In the second step, we propose a simple yet effective strategy to leverage two-side synthetic data for NMT. a) Forward Cross Translation: We translate the Fr part of the bilingual data to De, which resulted in triple . We than select the generated parallel En-De data to fine-tune the unsupervised direction. b) Backward Cross Translation: We translate the monolingual De data to Fr and then from Fr to En. The result parallel De-En data can also be used to fine-tuning our all in one model.

0:  Uninitialized model with parameter ; monolingual data , parallel data , initial coefficients
0:  Munmt with parameter focusing on
1:  while not (converged) do
2:     Sample monolingual sentences from and do auto-encoder pre-training
3:     Sample monolingual sentences from and do unsupervised training ,
4:     Sample parallel sentences from and do supervised training
5:     adjust coefficients
6:     Sample the parallel data from , and translate . Fine-tuing Munmt with synthetic En-De data
7:     Sample monolingual data from , and translate , Fine-tuing Munmt with synthetic En-De data
8:  end while
9:  return  Single Munmt model
Algorithm 1 Training procedure of Munmt.

The details of our method is shown in Algorithm 1. The training is rather straight forward. Step 1 to step 5 in Algorithm 1 show the multilingual joint training procedure. Firstly, we train the cross-lingual token embeddings on all mixed data, that is, all monolingual data of three languages and the parallel data . The data are segmented to tokens through Byte-Pair Encoding (BPE) sennrich-haddow-birch:2016:P16-12 and the embeddings are generated by using FastText bojanowski2017fasttextemb

. After that, we initialize the model embeddings with the trained token embeddings. Then during training, in each epoch, we iteratively switch training stages among language modeling, back-translation, and supervised training. Language modeling is accomplished via denoising autoencoder on monolingual data of all three languages. Back-translation is conducted on only unsupervised directions along which no parallel data are available. In our setting, there are four directions to do back-translation. For the remaining two directions with parallel data, we do supervised training on the parallel data. Details of these stages have been introduced in the Backgrounds section. After each epoch, we can adjust the coefficients to control the training procedure. Usually, we anneal the language model coefficient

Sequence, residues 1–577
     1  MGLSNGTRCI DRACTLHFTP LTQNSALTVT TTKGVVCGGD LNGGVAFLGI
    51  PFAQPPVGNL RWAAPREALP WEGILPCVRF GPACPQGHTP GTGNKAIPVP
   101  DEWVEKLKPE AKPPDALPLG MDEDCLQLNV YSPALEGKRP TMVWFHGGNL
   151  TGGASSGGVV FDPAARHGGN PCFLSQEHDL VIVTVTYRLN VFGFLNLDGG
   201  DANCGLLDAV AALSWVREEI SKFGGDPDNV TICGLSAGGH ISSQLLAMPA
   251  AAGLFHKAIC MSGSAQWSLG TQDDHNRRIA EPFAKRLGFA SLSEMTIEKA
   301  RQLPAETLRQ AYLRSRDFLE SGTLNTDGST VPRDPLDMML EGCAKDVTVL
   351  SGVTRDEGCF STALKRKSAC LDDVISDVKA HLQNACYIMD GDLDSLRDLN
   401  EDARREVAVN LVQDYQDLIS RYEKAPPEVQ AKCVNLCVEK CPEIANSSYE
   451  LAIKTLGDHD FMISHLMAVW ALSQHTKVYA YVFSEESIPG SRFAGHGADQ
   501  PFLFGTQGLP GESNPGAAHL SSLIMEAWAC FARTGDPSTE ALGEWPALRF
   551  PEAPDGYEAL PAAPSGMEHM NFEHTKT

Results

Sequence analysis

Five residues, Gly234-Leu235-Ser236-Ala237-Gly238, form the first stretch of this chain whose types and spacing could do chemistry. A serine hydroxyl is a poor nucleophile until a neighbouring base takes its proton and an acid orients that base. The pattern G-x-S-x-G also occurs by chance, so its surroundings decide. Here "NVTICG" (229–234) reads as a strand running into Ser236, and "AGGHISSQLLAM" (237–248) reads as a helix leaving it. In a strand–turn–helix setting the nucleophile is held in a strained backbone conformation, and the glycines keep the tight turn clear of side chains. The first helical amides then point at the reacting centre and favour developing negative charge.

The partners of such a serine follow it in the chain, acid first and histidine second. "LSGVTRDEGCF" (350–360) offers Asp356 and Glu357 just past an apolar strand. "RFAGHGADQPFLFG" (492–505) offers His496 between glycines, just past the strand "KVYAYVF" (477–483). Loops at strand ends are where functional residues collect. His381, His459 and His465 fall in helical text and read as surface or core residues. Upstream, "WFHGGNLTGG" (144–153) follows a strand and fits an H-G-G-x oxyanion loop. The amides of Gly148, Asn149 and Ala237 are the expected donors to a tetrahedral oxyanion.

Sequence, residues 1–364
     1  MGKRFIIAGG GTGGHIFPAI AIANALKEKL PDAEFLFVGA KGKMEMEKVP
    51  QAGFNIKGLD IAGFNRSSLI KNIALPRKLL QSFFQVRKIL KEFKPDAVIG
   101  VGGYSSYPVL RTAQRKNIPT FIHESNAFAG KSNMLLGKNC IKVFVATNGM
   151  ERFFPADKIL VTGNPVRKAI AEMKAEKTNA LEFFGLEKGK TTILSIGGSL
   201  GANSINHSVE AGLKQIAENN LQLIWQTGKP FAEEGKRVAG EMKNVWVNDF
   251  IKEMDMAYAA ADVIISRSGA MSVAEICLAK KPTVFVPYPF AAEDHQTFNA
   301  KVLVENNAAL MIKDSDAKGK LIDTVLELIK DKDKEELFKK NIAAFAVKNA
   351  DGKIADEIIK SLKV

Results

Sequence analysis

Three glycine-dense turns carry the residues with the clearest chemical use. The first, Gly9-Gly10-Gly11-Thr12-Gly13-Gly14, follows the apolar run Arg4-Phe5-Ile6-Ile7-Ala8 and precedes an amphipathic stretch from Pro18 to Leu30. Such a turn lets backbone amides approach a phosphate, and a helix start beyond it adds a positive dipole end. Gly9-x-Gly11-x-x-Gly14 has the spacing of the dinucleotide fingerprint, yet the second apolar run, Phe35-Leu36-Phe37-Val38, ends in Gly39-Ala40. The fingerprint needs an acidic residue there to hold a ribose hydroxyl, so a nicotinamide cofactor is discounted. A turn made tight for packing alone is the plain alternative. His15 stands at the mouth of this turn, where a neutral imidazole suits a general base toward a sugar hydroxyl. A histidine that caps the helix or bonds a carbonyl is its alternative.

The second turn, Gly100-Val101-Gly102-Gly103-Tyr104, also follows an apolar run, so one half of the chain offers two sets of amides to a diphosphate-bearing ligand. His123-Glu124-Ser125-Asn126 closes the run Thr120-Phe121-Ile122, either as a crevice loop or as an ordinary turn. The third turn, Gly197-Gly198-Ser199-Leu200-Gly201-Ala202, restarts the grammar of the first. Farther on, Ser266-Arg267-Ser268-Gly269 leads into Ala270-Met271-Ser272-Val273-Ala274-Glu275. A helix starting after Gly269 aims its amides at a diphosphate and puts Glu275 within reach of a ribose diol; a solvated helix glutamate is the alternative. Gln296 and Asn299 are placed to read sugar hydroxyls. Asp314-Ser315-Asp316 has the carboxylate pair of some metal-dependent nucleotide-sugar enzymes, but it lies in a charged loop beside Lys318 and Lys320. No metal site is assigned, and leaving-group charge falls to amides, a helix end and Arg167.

to 0 gradually. Then the final loss of this joint training step can write as:


where , , and are the coefficients and , , are defined in Equation 123 respectively.

Through joint training, we can get a multilingual translation model. However, the supervision from parallel data is not fully utilized, and the performance of the unsupervised directions can still be improved, and we achieve this by leveraging the bilingual data. Step 6 and Step 7 introduce both forward and backward auxiliary data. The comparison and analyses will be in section Analyses.

4 Experiments

4.1 Datasets

Traid Mono. data Para. data Eval pair
En: 20M, De: 20M, Fr: 20M : 36M
En: 20M, De: 20M, Fr: 20M : 4.5M
En: 20M, Fr: 20M, Ro: 2.9M : 36M
Table 1: Data settings. “Eval pair” means we mainly evaluate the setting on this language pair.
En-Fr Fr-En En-De De-En En-Ro Ro-En
Bilingual UNMT
UNMT artetxe2018unsupervised 15.1 15.6 6.8 10.1 - -
UNMT lample-2018-pbumt 25.1 24.2 17.2 21.0 21.2 19.4
EMB lample2019cross 29.4 29.4 21.3 27.3 27.5 26.6
MLM lample2019cross 33.4 33.3 26.4 34.3 33.3 31.8
Multilingual UNMT
Munmt w/o Para. 32.34 29.93 23.03 28.81 30.37 27.14
Munmt w/ Para. 33.67 30.47 23.99 28.68 31.95 28.27
Munmt + Forward 35.88 33.34 26.50 30.00 33.12 31.42
Munmt + Backward + Forward 36.53 33.41 26.60 30.10 35.09 31.58
Table 2: Main results comparisons. EMB means initialing with pre-trained corss-lingual embeddings and MLM means initialing with both pre-training encoder and decoder on MLM objectives in lample2019cross. The last four lines are the results of our method. “Munmt w/o Para.” shows the benifits from multilingual joint training. “+ Forward” or “+ Backward” indicate training with forward or backward cross translation synthetic data.